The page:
Many people don't realize that a poorly designed computer workstation and/or bad work habits can result in serious health problems. Common symptoms associated with poor design or habits include discomfort in the back, neck and shoulders, hands and wrists, as well as headaches and eyestrain. If you experience any of these symptoms while working, contact the UEOHC for medical help.
Fortunately, the solution can be quite simple. Proper workstation setup and work practices can eliminate discomfort and even prevent it from occurring in the first place! Simple adjustments to office equipment can work wonders, making work more comfortable and more productive.
I want to learn more about...
- Common Office Equipment
- Rest Breaks
- Keyboard Shortcuts
- What to look for in a chair
- Why not to use an exercise ball for a chair
- Chair reviews
- Setting up my chair
- Rationale behind these recommendations
Starting from the bottom and moving upwards:Seat: The seat should be able to adjust until your thighs are parallel to the ground. Shorter/taller users may need different height cylinders. If you are unable to adjust your chair heigh properly, contact the chair manufacturer for a replacement cylinder. Why?
- The seat pan depth should be adjustable to provide a fist-width to three-finger gap between the back of the calf and the front edge of the seat pan. Why?
- The seat pan should be able to tilt backwards and forwards. Why?
- The seat pan should have a waterfall (rounded) front edge. Why?
- The backrest should be able to recline independently of the seat pan and be set at a fixed reclined angle. Why?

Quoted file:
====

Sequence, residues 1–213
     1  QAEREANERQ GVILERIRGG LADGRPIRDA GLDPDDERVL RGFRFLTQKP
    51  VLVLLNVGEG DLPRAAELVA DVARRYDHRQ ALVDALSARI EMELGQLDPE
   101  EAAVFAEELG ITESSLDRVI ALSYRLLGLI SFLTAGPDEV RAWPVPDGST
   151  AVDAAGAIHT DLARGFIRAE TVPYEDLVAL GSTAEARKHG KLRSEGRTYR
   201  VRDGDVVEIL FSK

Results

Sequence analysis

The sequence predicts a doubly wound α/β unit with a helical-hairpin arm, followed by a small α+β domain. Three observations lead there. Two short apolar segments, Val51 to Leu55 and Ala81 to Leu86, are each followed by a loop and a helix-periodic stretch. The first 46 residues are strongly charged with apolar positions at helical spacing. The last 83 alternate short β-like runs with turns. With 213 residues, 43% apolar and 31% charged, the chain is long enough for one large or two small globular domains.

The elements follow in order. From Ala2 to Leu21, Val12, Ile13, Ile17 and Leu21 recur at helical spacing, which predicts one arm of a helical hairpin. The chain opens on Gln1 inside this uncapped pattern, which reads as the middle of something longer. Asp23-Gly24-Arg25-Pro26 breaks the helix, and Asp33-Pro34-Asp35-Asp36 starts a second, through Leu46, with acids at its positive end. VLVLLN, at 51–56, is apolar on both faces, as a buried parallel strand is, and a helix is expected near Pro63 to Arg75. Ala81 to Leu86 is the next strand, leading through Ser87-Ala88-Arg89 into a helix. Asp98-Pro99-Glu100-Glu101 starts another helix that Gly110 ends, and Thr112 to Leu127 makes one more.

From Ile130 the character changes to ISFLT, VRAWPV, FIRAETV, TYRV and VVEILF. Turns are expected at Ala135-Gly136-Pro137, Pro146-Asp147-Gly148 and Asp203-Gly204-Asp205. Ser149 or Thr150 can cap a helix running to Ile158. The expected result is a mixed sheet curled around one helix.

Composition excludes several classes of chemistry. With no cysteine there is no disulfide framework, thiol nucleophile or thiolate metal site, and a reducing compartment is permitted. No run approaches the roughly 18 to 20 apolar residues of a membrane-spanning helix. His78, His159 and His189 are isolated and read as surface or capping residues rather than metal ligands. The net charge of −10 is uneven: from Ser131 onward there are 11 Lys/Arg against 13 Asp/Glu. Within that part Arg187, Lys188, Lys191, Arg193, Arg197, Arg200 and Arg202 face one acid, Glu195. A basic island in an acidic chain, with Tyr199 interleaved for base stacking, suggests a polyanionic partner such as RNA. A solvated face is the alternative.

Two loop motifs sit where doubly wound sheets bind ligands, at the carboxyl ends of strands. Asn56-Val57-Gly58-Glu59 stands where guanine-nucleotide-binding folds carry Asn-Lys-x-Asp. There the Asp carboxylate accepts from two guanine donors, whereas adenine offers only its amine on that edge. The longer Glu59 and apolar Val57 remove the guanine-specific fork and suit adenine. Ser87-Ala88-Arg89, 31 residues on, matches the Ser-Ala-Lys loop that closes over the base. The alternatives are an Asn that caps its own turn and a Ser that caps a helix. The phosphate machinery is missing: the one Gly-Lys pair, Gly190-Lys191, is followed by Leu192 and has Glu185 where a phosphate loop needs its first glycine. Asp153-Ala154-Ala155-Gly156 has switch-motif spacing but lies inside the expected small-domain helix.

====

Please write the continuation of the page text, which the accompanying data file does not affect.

Armrests: Firstly, armrests are optional. Even with the range of adjustments found in many of today's armrests, there are some places where armrests will interfere with work.
- The armrests should be adjustable in height. Why?
- They should be rounded on the edges. Why?
- Optional: most armrests are spaced too widely apart for the user to use them comfortably. Armrests that are width-adjustable to slide over the seat pan until they are right under the elbow or armrests that pivot inwards (the kind that can pivot almost all the way around are preferable) are much more functional than simple height adjustable armrests. Why?
Considering using an exercise ball as your office chair? Think again. What may seem like a good idea to you or others is actually not recommended. Read the following articles for further information:
- Replacing Office Chairs with Exercise Balls
By Heather Ritz
- Opinion: Balls as Office Chairs a Bad Idea
Start out adjusting a chair from the ground up. Start with the height and move up from there. While adjusting the chair, worry first about getting the chair adjusted to fit you. Afterwards, look at things like the height of the desk, keyboard, etc. Too often, people adjust a chair too high so they can reach the keyboard rather than properly adjusting the chair and adding a keyboard tray to move the keyboard to the correct height.
Seat Height: Start by adjusting the height until your thighs are parallel to the floor. Stand in front of the chair and adjust the height until the top of the seat pan is at the height of the bottom of your kneecap. Then, sit in the chair and make small height adjustments until your thighs are parallel to the ground. Sit in this position for a while before making any further changes in seat height. When you have become accustomed to this height, adjust the chair height up/down 1-3 inches until you find a location that is comfortable for you while seated (don't worry about that keyboard height yet!).